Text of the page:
TL;DR: as I’ve done for the past few years, I’ll be spending some time away from personal email, blogging and social networking during the months of November and December. You can see what I got up to last year here.
‘Belshaw Black Ops’ is the name Paul Lewis gave to my annual time away from personal email, blogging, social networking, and writing my weekly newsletter. The aim is to recharge, both mentally and physically. Due to Seasonal Affective Disorder and living at 55.2° latitude, I’m a different version of Doug in the winter months.
This will be my fourth year of ‘black ops’ and it will be the second time I’ve spent two months away from email, blogging and social networking. I’ll be reading more books, watching more films, and generally pursuing longer-form, less emotionally-draining things. Boone Gorges summed it up well when he said:
A life spent on Twitter is a death by a thousand emotional microtransactions. I want to be pouring these energies into my family and my friends and my work.
Unlike Boone, I’m not saying ‘goodbye’, but merely ‘adieu’ for a defined period.
So if you need to contact me in November/December, first think about whether it can wait until January 1st. If you decide that it can’t, then you can find me in the places I hang out for work (Skype/IRC, mostly). It’s also not hard to find/guess my Mozilla email address.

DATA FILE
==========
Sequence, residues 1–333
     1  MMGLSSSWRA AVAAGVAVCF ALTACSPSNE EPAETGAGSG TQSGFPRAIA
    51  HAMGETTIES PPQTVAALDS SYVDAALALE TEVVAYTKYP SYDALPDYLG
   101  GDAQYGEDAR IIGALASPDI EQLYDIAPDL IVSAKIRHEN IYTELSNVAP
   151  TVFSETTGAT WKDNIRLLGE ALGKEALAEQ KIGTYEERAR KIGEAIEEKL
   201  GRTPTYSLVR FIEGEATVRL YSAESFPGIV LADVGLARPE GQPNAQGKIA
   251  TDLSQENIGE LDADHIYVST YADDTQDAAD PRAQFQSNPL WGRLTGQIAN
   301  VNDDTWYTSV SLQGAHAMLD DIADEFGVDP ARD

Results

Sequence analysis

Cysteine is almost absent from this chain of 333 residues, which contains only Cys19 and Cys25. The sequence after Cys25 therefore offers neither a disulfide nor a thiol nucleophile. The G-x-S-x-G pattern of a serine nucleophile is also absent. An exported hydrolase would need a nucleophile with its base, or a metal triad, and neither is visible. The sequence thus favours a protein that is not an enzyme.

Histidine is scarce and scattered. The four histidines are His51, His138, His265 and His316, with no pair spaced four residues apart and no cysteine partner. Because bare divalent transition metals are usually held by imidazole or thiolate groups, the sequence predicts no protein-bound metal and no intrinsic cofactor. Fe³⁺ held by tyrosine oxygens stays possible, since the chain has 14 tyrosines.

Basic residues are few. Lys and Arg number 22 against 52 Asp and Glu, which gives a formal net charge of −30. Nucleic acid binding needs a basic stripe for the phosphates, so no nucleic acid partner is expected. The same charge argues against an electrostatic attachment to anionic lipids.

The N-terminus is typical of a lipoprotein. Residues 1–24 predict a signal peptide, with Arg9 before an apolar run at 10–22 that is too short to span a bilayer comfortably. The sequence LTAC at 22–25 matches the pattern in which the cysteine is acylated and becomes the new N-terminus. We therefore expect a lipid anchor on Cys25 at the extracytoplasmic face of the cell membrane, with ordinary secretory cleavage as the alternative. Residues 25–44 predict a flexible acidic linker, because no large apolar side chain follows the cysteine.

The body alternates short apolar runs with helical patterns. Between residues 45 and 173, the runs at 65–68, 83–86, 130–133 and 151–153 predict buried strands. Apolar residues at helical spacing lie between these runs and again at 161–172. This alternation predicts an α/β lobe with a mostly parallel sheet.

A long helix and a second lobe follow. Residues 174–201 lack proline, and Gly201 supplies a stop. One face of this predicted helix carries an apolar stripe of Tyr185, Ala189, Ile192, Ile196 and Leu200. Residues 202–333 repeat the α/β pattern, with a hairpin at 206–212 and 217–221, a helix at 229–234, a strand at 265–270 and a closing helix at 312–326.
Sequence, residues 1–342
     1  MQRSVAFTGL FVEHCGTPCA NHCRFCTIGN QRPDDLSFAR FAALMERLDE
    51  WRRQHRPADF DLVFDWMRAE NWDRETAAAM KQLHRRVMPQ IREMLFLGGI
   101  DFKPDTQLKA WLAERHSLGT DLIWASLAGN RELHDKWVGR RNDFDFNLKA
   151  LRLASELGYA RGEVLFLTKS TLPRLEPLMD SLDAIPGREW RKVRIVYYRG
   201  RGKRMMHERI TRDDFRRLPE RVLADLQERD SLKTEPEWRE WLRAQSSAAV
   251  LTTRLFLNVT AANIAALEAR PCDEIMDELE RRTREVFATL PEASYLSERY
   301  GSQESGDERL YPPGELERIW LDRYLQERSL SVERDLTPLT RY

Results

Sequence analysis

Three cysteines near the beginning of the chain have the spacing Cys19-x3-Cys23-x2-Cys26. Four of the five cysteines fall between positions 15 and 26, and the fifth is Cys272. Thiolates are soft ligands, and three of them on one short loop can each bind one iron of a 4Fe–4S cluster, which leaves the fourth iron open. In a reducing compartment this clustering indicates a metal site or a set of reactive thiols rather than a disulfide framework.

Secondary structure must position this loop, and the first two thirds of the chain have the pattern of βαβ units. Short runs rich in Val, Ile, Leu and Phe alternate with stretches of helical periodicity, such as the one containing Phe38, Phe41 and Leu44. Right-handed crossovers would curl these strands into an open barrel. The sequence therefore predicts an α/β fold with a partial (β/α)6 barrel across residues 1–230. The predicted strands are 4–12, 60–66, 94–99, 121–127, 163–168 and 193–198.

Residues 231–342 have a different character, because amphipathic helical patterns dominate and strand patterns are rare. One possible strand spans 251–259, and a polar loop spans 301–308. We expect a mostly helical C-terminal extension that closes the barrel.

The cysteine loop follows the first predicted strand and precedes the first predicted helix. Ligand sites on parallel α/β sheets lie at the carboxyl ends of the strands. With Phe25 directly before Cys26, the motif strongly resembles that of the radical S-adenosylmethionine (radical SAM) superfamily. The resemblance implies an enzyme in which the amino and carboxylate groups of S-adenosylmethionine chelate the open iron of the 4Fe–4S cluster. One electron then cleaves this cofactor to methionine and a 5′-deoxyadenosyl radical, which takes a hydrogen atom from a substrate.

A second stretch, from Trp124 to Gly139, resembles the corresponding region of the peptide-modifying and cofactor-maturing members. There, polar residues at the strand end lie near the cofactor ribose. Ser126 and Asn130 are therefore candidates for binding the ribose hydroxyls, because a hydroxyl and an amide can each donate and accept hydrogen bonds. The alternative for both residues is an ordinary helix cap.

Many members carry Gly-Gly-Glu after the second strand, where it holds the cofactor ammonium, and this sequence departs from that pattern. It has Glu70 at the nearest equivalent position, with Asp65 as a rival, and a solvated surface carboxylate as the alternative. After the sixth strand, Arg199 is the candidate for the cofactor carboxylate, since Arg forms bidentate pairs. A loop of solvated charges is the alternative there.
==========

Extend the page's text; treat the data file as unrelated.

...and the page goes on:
Oh, and if you’ve got any recommended reading/watching to add to my list, please do add a comment below!
I had Monday and Tuesday this week off school. I had a cold, felt lousy, and felt my recently-self-diagnosed SAD (Seasonal Affective Disorder) kicking in. Just as I didn’t believe that children were born with personalities before we had Ben, I used to think that ‘disorders’ were ways to label avoidable abnormal behaviours. I don’t think that any more. 😮
In schools and businesses we pay very little attention to the fact that it is human beings involved in these institutions and who, as such, fluctuate, change, and are affected by external factors. As I’ve blogged about before, one disorder I suffer from is migraines. There’s no way that those who don’t suffer from these can know what they’re like, of the way fluorescent lighting affects the way I see and think sometimes, and the ‘fuzziness’ associated with it. Likewise, those who don’t suffer from something I’m labelling SAD for convenience can understand what it’s like for a usually energetic and enthusiastic person to completely lack all motivation. 🙁
The stimulus for this post came from reading Dan Meyer’s blog post Wherever You Can Find It, signposted on Twitter by Darren Draper, who stated, “I’m telling you: 5 years ago, I was @ddmeyer. Absolutely no doubt about it” – linking to this comment in particular. The first part of it reads:
And maybe that kind of leadership is enough to staunch some of this new teacher blood, but it isn’t enough to staunch mine.